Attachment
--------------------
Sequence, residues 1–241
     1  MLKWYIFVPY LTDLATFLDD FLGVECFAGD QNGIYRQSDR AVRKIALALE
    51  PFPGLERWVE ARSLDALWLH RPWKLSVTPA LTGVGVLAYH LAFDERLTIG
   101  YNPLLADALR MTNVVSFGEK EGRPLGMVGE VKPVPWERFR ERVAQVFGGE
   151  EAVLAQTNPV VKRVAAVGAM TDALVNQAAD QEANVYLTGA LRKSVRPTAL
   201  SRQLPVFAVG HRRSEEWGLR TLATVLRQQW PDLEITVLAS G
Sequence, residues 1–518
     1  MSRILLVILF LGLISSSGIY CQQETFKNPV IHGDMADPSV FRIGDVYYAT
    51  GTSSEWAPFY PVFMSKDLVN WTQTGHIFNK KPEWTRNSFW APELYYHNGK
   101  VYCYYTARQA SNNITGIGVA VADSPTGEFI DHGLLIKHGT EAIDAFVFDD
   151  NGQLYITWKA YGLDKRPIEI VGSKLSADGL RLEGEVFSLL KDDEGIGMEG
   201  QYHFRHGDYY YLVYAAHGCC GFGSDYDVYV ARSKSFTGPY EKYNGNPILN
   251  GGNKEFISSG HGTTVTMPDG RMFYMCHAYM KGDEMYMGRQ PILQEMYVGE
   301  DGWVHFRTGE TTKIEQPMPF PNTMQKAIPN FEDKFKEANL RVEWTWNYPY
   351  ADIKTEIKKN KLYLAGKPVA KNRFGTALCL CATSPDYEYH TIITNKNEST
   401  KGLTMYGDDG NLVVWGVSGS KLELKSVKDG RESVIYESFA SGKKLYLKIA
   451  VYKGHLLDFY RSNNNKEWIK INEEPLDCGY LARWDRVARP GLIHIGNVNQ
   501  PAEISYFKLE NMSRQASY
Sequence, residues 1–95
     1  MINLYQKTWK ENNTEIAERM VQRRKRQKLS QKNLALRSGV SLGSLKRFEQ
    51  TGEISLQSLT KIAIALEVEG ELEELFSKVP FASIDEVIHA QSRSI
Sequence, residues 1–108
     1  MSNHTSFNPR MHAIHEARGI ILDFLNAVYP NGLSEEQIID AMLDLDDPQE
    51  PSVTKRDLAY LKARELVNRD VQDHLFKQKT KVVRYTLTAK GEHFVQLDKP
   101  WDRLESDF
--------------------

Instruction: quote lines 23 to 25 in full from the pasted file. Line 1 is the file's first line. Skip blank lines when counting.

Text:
     1  MSNHTSFNPR MHAIHEARGI ILDFLNAVYP NGLSEEQIID AMLDLDDPQE
    51  PSVTKRDLAY LKARELVNRD VQDHLFKQKT KVVRYTLTAK GEHFVQLDKP
   101  WDRLESDF